When something bad happens, something that is so disastrously wrong, the most common reaction from those around you is a good dose of buoying up. It will be alright in the end and if it’s not alright, it’s not the end, kinda stuff. Which is fine, if the person shaking their self-help pom pom’s at you has actually ever been through the gates of hell. Very few have, you find.
Rabbi Harold Kushner says that we should pray for the so-called ‘lucky ones’. The people whose lives have been seemingly untouched by sorrow, misery, profound disappointment, before they are forty. Why? Because the losses after forty are so deep, life grows with interest during its time.
Take for example two women I know of, both of whom have lost children. One lost a child as young age, under ten to a terminal disease, the other lost their son at twenty through a stupid accident, which was his fault. One mother was thirty when her child died. One mother was nearly fifty.
The pain those mothers feel is never-ending but one is laced with a bitterness in grieving that child. Which one? The older one of course. Bitterness that she raised a child for twenty years to see him take it all away from her and himself, through a decidedly stupid choice. Bitterness that he didn’t think through his decision. Bitterness that he could have had it another way. Bitterness that he was her only child and now she cannot have any more.
The other mother? She had more children. She loved her daughter so much and would have done anything to not watch her die but there was a sense of acceptance with her death. There was nothing to be done to save her instead she was loved every minute by so many people and so was her daughter. They let each other go with peace, at the end.
I remember the worst of my times. I have had a few. Tough ones, and when I was young and older. I think about what words resonated deep within me. The words I loved the most were the words of acknowledgement. Have you grieved yet? She’s got lovely eyebrows, hasn’t she. How’s Dave? How did you get through it? It’s so shit that this happened. You are the girl for the job, it was all coming to this when you look at your life’s journey. She loved you you know, but she was sick.
Not – you’ll be right, it will all work out, stay positive, don’t stress out.
Sometimes you have to stress out and be realistic. Sometimes it doesn’t all work out.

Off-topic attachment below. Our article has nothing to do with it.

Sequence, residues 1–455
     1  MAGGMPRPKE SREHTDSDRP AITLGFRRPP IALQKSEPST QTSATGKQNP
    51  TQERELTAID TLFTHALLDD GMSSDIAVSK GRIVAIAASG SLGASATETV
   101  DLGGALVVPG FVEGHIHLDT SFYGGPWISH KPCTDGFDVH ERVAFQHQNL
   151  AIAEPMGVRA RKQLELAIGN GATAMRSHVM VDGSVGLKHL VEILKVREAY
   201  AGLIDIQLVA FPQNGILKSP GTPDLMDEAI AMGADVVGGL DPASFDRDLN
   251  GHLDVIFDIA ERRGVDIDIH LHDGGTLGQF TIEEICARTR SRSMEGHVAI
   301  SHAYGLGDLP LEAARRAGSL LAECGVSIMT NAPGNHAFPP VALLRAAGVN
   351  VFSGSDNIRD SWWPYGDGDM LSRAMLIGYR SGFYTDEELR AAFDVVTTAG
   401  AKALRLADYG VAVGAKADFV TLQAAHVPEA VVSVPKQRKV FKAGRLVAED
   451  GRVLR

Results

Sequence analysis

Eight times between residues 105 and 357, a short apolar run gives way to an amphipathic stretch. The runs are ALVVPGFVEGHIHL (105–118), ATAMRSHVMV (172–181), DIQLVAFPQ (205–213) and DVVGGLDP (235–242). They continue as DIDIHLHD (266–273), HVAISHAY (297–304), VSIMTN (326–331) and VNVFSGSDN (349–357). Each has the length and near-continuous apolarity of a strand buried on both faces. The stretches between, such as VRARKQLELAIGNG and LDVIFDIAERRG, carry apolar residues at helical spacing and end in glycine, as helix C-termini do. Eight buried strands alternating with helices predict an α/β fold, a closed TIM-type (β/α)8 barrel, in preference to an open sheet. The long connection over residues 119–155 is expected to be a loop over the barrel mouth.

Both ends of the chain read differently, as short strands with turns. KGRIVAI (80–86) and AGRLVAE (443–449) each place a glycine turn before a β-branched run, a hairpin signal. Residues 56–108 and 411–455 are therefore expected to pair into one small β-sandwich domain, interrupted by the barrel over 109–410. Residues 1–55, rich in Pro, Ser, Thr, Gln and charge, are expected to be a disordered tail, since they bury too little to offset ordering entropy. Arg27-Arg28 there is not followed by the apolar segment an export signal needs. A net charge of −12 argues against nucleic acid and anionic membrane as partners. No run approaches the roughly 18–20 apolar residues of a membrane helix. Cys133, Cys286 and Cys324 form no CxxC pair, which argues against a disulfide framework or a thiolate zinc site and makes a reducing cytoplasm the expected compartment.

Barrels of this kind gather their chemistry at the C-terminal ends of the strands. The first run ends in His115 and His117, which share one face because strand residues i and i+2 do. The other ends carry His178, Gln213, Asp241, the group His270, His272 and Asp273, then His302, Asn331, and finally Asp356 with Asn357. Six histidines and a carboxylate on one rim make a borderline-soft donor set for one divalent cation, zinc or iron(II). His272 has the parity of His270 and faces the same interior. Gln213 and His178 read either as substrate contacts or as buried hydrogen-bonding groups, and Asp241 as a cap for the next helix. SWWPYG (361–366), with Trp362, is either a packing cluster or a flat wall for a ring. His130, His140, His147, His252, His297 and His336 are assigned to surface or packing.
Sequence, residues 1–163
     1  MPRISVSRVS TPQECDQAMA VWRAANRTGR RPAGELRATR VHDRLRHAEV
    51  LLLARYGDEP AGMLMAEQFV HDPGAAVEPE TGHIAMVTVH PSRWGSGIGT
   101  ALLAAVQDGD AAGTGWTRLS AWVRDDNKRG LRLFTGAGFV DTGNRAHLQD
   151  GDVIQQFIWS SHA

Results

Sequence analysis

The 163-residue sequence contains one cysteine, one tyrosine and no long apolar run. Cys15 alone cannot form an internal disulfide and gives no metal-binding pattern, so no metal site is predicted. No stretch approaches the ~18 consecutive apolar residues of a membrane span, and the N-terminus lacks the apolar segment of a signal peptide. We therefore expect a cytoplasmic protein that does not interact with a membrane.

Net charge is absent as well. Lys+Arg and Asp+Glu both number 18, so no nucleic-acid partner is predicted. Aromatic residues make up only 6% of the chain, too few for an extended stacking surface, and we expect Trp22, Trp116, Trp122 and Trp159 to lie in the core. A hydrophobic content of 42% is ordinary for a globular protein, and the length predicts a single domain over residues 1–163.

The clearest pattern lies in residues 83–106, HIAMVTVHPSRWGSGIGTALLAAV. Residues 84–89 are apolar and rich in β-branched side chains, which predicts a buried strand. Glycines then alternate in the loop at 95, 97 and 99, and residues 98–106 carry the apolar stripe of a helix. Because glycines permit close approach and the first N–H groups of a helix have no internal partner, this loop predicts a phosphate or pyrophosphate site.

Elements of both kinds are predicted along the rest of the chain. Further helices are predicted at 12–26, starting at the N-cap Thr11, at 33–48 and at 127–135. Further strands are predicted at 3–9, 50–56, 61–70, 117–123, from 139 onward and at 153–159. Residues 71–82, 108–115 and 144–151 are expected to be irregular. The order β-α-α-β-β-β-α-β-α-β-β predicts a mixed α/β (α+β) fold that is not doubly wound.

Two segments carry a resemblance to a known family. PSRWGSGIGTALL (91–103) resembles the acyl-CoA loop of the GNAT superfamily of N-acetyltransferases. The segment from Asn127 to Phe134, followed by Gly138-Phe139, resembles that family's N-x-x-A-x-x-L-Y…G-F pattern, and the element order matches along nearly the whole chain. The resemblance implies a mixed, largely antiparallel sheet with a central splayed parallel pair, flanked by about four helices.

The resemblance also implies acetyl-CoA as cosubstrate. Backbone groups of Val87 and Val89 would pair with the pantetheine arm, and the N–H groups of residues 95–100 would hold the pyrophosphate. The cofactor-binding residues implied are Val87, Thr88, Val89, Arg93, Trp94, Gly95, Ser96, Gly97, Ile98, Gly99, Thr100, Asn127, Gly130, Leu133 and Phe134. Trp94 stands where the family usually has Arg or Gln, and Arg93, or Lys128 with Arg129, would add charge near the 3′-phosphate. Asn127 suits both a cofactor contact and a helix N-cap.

This week I spoke to a friend whose plans have gone awry. We spoke for a long time about what she wanted and what she had hoped for and how it’s all gone south. I knew she didn’t want buoying up, she was tired of hearing it. Instead I said to her, ‘Babe, you need an escape plan. If it all goes to the shit, which it is looking like it will, then don’t try to make it happen if you’re done. Instead do something else. Or travel. Travel is societies most acceptable form of running away…People accept travel, even though it’s none of their fucking business what you do.’
It was the panacea and permission she needed. Sometimes the words we need to hear aren’t platitudes or self help bumper stickers. They are the words of truth of the situation, the permission to fail, the acknowledgement of the loss, the recognition of the pain. This is enough.
When a friend lost a friend to death a while ago, she asked me how she would ever get over it, knowing I had lost my own best friend to a tragic death years before.
I shrugged and looked her in the eye. ‘You don’t,’ I said truthfully. ‘You just get used to living with missing them. Every. Single, Fucking. Day. And thats the scar you bear for loving. You get on with life, because you should, because life is great and death taught you that but missing them is constant. Even years later, I miss her. Love is a crap shoot sweetie, and this round she bowed out early in the game but don’t stop playing, keep going. Just because she left doesn’t mean you have to. Live life for her.’
And so it goes.
I spoke to a friends young daughter recently, who lost a friend early. Too early. Hard times. I explained to her that this, for better or for worse will shape her now. It won’t define her life but it will shape her. Nothing will ever be this bad again and she had learned it early. Sucks but her shell is tougher, her expectations gone, her empathy high. She will be a wise adult.
It goes on.
Take care but know you have been through this and you will go through the next challenge and life? Well, it goes on.